Tiny brain bubbles carry complete codes

portrait of extracellular vesicles taken using confocal laser scanning microscopy
This portrait of extracellular vesicles was taken using confocal laser scanning microscopy. The membrane was stained with fluorescent dye. Image titled “Exosomes” courtesy of Tomaž Einfalt, University of Basel, under Creative Commons BY-NC-ND license.

Scientists at Sanford Burnham Prebys demonstrated that vesicles traveling between cells in the brain carry more complete instructions for altering cellular function than previously thought

In findings published in Cell Reports, senior author Jerold Chun, M.D., Ph.D., and team also discovered that the biological instructions within these vesicles differed significantly in postmortem brain samples donated from patients suffering from Alzheimer’s disease.

Researchers call the tiny brain bubbles under scrutiny in this study small extracellular vesicles (sEVs). These tiny biological water balloons are produced by most cells in the body to ferry a wide variety of proteins, lipids and byproducts of cellular metabolism, as well as RNA nucleic acid codes used by recipient cells to construct new proteins.

Immunofluorescence was used to validate primary cell culture purity
Immunofluorescence was used to validate primary
cell culture purity.  Image courtesy of the Chun lab.

Because this biologically active cargo can easily elicit changes in other cells, scientists are interested in brain sEVs as a medium for passing along normal as well as bungled instructions for misfolded proteins that accumulate in the brain as neurodegenerative diseases such as Alzheimer’s disease progress.

To be a potential contributor to the buildup of unwanted proteins, sEVs would have to carry blueprints with sufficient information to enable other cells to produce the problematic proteins. Most previous research had indicated that the messenger RNA (mRNA) carrying plans for proteins were chopped into too many shorter fragments to allow recipient cells to change their construction patterns.

“We found quite the opposite to be true in our study,” says Chun, professor in the Center for Genetic Disorders and Aging Research at Sanford Burnham Prebys. “We identified more than 10,000 full-length mRNAs through the use of a relatively newer DNA sequencing technique called PacBio long-read sequencing.”

The team isolated sEVs from the prefrontal cortex of 12 postmortem brain samples donated from patients diagnosed with Alzheimer’s disease and 12 from donors without Alzheimer’s disease (or any other known neurological disease). Nearly 80% of identified mRNAs were full-length, allowing them to be transcribed by recipient cells into viable proteins.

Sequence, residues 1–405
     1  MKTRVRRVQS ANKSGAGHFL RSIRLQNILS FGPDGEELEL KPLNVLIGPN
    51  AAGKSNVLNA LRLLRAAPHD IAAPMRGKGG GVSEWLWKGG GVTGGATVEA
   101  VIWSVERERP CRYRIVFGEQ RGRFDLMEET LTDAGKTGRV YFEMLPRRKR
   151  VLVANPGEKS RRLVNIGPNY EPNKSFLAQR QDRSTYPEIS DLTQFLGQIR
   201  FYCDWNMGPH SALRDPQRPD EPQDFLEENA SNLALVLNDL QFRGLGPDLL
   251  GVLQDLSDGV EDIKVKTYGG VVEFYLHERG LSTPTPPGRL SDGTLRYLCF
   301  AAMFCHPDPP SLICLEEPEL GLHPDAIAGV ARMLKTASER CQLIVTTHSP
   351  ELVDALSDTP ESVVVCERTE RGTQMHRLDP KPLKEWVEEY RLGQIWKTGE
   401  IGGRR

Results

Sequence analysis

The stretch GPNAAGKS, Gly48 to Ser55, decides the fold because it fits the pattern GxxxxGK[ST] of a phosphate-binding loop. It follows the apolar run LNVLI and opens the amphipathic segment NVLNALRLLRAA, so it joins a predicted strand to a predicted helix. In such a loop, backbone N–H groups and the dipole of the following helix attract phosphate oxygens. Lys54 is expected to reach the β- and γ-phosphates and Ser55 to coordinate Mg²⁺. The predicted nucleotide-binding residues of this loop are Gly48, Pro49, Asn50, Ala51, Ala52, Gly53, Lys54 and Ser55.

“To corroborate the results of long-read sequencing in the human samples, we also looked at vesicles isolated from mouse cells,” says first author Linnea Ransom, Ph.D., postdoctoral fellow at Sanford Burnham Prebys. “We found similar averages of between 78% and 86% full-length transcripts in three brain cell types: astrocytes, microglia and neurons.”

Negative-stain transmission electron microscopy was used to confirm the isolation of small extracellular vesicles in mouse neurons, as well as in mouse astrocytes and microglia
Negative-stain transmission electron microscopy was
used to confirm the isolation of small extracellular vesicles
in mouse neurons (shown above), as well as in mouse
astrocytes and microglia. Image courtesy of the Chun lab.

In addition to analyzing and validating the results regarding the length of mRNAs in brain sEVs, the researchers compared the sequence of genes reflected in the sEV mRNA transcriptome. In Alzheimer’s disease samples, 700 genes showed increased expression whereas nearly 1500 were found to have reduced activity.

The scientists determined that the 700 upregulated genes are associated with inflammation and immune system activation, which fits within known patterns of brain inflammation present in neurodegenerative diseases such as Alzheimer’s disease. The researchers also found many genes associated with Alzheimer’s disease in prior genome-wide association studies also were present in Alzheimer’s disease sEVs.

“The changes in gene expression contained in these vesicles reveal an inflammatory signature that may serve as a window into disease processes occurring in the brain as Alzheimer’s disease progresses,” says Chun.

Following this study, Chun and team will dig deeper into how cells package sEVs and how the enclosed mRNA codes lead to functional changes in other brain cells affected in Alzheimer’s disease. Better understanding of sEVs and their mRNA contents may enable the discovery of biomarkers that could be used to improve early detection of Alzheimer’s disease and potentially other neurological conditions, while identifying new disease mechanisms to provide new therapeutic targets.

“Additionally, sEVs naturally occur as a vehicle for transporting biologically active cargo between cells, so it also may be possible to leverage them as a targeted delivery system for future brain therapies,” says Chun.

Additional authors on the study include Linnea S. Ransom, Christine S. Liu, Emily Dunsmore, Carter R. Palmer, Juliet Nicodemus, Derya Ziomek and Nyssa Williams, all at Sanford Burnham Prebys.

The study was supported by the National Institute on Aging (R01AG065541 and R01AG071465), National Institute of General Medical Sciences (T32GM007752) and Rotary International.

The study’s DOI is 10.1016/j.celrep.2024.114061.

Related Posts